And, who knows - maybe they'll figure out a way to re-use the cylinders, like we do our patio grill tanks. We'd end up buying an empty cylinder, and taking it to a local store to be filled and refilled. Jimshaw - you're an engineer - if you wanna get rich quick...
I suppose the question becomes what's an unreasonable risk and why are some products singled out while like products are not? I wasn't kidding about hairspray, which remains eminantly shippable and is a favorite fuel of spud cannon fanatics.
My concern was whether there would come a day in the not too distant future when, as a practical matter, those lovely little canister stoves we've all come to know and love might be rendered obsolete by a lack of fuel.
I worked in a camping/kayaking store for a couple of summers, and I actually don't see this as being a problem. We got 95% of all our shipments via truck or UPS ground, and not via the USPS. My guess would be that stores would still be able to get the canisters via freight or UPS ground. Mail order though it sounds like for the most part it may become rare.
Chip yeah! What I would like to see is refilling the cannisters at your local store just like they do for barbecues. Great idea huh? You could specify a little higher propane component is were going to get cold!
Listen to the trees in the wind
# Flammables less than one Gallon are available to certain areas within Canada via UPS Ground. Please call to see if your city qualifies. # Please call for details on shipping flammables to areas outside of the United States or Canada. # Butane Canisters are an exception, all canisters may only ship UPS ground and only to the lower 48 states. 8oz canisters incur a $35 HAZMAT fee for shipping. NRS can ship 1-4 eight oz butane canisters in one hazardous materials box, which would incur only one $35 fee. Each additional box will incur a $35 fee.
We need to gather some real facts before too long. The UPS website indicates that in the recent years, the shipping regulations have been updated. Particularly for "Hazardous Materials" and liquified petroleum gas (butane, propane) such as our backpacking stove fuel falls squarely in that category. UN 1075 is that category(its on the canister, along with the DOT number for the container and the shipping restrictions and labeling).
The UPS website tells you a phone number for hazardous materials support as they have a Hazardous Material Support Center at 1(800)554-9964.
If you call be sure to have the UN 1075 number and the DOT number on the canister and be able to describe the container perhaps including the measurement of the diameter and the height and the container capacity.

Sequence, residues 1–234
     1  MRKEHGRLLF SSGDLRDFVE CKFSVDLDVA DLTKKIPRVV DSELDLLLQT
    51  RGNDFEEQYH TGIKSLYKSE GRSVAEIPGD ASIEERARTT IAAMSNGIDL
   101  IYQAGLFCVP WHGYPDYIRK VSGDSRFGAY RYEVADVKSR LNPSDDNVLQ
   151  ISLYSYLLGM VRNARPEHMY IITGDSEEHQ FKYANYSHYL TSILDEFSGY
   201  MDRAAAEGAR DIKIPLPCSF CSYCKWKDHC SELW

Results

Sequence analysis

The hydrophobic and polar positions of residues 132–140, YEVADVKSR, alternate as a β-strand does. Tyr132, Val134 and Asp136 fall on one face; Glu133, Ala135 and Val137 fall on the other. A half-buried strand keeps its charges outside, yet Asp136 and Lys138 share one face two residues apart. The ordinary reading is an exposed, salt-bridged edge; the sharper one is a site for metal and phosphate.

The reason for this specificity is that the small 4 ounce canisters may fall under considerably different handling regulations than would the large 8 oz or larger canisters. Small pressurized containers are easier to design and prove safe than are larger ones. In addition, the explosions from their failure are smaller and less likely to outright kill someone or to damage the shipping vehicle or aircraft.
There are a variety of specific exemptions for liquid butane containers of less than one ounce capacity, for example.
The text of this document is as follows: _________________________________________
Loss of HazMat Exemption Raising Shipping Costs for Small Fuel Canisters
As published in OIA WebNews 8/12/2009
Retailers may want to bulk up their orders of 4-fluid-ounce isobutane/propane fuel canisters in the wake of a recent Department of Transportation (DOT) decision that raises the cost of small shipments dramatically. They may want to reassess their online sales of the popular canisters for the same reason.
Shipping some isobutane/propane fuel canisters direct to consumers has gotten much more expensive after DOT concluded the industry is not complying with the agency’s 2002 interpretation of hazmat regulations. In an October, 2002 interpretation letter to a manager at Cascade Design’s Mountain Safety Research (MSR), DOT said that “a mixture of liquefied compressed gases in a container of not more than four (4) fluid ounces capacity” could be exempted from hazardous material packaging and labeling requirements except when shipped by air, in part because the small canisters qualified as a “consumer commodity.” This allowed fuel shipped in such containers to be reclassified as “other regulated material –domestic,” or OSM-D, which in turn allowed FedEx, UPS and other carriers to waive hazmat fees.